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AWC builds for butterflies
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What began earlier this year as a few rows of milkweed plants in an agriculture field at Arizona Western College is now a garden of over 2,500 plants attracting any butterfly that might be traveling nearby.
A group of about 50 environmental science and biology students worked to transplant milkweed plants for their campus greenhouse into the field in September. Now they have many caterpillars and butterflies feasting on the plants and their nectar.
The butterfly garden is intended to be a way to help support monarch butterflies and their declining population, said Ted Martinez, professor of biology at AWC.
“We have students monitoring the plants, finding out how tall they get, what kind of bugs show up on them and if we're getting any monarchs, which we're hoping for,” he said.
So far Martinez reported that there have been mostly queen butterflies in the garden and he added that he is considering purchasing some monarchs online to expedite the process of attracting a larger population of butterflies.
Sandra Lackey, an environmental science major student at AWC, said that monarchs used to be a lot more common in the Yuma area and they are trying to make that a reality once again.
“Now that we're trying to do this it's showing a whole other aspect to what really was here before, what we've missed out on over the years,” she said. “We're trying to bring back something that most people don't even think of. Butterflies are not a big topic to most people.”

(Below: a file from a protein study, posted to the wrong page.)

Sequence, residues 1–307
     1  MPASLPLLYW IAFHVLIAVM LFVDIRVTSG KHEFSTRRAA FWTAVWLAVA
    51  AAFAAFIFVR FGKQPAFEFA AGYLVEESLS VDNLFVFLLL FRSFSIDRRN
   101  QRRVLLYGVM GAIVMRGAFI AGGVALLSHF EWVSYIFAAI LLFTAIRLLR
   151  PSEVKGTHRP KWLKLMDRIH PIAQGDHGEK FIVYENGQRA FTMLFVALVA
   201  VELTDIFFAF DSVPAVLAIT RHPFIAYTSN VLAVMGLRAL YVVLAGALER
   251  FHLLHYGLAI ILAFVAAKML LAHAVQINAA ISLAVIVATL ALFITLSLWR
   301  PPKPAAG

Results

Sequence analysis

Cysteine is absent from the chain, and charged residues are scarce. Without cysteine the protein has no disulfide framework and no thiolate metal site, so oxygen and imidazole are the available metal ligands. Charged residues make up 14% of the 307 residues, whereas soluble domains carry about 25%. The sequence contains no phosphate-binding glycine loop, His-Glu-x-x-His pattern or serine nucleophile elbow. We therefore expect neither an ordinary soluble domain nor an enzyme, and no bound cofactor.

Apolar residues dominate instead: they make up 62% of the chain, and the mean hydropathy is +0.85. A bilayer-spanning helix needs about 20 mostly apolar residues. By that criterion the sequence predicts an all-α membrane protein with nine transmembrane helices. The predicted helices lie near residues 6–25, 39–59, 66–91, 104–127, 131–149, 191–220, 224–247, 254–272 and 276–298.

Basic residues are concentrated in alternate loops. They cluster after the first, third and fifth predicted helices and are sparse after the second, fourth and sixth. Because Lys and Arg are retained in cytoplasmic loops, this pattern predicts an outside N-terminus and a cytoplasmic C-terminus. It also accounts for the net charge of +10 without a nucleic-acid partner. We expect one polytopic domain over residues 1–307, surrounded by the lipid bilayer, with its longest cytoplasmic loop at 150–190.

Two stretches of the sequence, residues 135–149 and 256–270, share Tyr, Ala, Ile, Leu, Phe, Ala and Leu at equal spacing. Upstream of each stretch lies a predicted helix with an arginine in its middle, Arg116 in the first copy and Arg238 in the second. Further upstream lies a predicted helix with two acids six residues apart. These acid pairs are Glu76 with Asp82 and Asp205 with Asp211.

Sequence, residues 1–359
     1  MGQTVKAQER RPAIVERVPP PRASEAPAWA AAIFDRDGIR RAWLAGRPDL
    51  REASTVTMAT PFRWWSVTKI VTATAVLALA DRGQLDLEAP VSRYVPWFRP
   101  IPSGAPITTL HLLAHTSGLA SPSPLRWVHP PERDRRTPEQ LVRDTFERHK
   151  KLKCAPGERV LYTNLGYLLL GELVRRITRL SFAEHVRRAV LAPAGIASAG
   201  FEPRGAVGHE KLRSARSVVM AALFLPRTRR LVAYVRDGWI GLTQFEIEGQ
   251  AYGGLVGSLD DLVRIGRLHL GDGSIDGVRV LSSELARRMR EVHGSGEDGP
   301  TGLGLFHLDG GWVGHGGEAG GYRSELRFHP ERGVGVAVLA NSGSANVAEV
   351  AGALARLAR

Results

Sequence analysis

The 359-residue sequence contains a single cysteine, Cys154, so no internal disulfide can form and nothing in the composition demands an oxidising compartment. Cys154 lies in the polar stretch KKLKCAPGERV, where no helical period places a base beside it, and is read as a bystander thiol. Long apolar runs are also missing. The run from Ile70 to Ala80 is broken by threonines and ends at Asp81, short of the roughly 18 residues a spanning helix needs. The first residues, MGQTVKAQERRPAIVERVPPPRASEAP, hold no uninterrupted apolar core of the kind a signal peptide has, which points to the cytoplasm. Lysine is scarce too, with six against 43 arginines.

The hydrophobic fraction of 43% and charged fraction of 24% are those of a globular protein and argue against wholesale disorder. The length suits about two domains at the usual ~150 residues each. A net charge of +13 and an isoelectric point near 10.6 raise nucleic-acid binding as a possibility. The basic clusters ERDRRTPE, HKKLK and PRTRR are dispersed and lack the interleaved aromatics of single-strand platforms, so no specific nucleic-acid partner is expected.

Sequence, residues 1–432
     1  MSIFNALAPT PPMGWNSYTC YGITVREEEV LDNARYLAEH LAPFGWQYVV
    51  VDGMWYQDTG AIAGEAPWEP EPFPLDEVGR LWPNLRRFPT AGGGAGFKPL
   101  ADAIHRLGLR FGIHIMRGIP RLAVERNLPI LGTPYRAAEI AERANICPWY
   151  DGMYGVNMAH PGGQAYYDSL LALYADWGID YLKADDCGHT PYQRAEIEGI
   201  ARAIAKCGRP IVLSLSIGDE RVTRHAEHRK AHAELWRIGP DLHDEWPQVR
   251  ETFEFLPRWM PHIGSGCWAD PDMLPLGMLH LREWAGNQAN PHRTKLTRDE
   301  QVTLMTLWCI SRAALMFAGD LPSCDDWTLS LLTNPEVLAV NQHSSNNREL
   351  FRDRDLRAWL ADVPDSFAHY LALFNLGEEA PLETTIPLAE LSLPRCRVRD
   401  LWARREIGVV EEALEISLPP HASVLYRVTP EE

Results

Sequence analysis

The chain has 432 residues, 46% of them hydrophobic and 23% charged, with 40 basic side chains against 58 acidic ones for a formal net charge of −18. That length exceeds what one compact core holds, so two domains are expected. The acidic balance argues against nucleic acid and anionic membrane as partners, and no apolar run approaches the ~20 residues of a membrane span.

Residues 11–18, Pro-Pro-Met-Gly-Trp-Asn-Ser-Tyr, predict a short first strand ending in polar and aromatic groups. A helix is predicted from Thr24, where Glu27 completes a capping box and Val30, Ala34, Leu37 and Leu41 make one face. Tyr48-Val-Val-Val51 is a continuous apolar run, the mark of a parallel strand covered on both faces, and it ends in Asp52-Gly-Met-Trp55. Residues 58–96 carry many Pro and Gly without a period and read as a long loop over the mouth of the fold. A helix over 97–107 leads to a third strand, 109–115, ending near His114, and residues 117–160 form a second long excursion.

“They should be though,” added biology student Priscila Navarrete. “If you really think about it, it is a big topic because without them you couldn't really pollinate plants.”
The Milkweed Project at AWC is funded by a grant from the Xerces Society, an arthropod conservation organization whose goal is species conservation.
“We're doing this because Xerces Society, they were looking for partners and they actually came and did a site visit and they actually visited other places and chose us,” he said. “They gave us a small amount of seed and at the end of the contract we will give them back that seed amplified. When the pods give out seeds we're going to collect it and give it back to them. They're looking for a return on their investment ... the idea being they can take that seed and distribute it to more partners. It's going to be a multi-year project.”
He explained that the students will be responsible for putting bags over the milkweed seed pods so that when the pod ruptures, the seeds will be in the bag and not scattered all over the ground.
“The whole project is a great learning experience for the environmental science and biology majors. It gets the students outside the classroom so they can learn out there on the field,” said Martinez. “It's also a resume builder; these kinds of experiences of conservation volunteering can go on their resume and all of the students are looking for jobs and careers in the future.”
For more information contact Martinez at Ted.Martinez@azwestern.edu or 344-7705.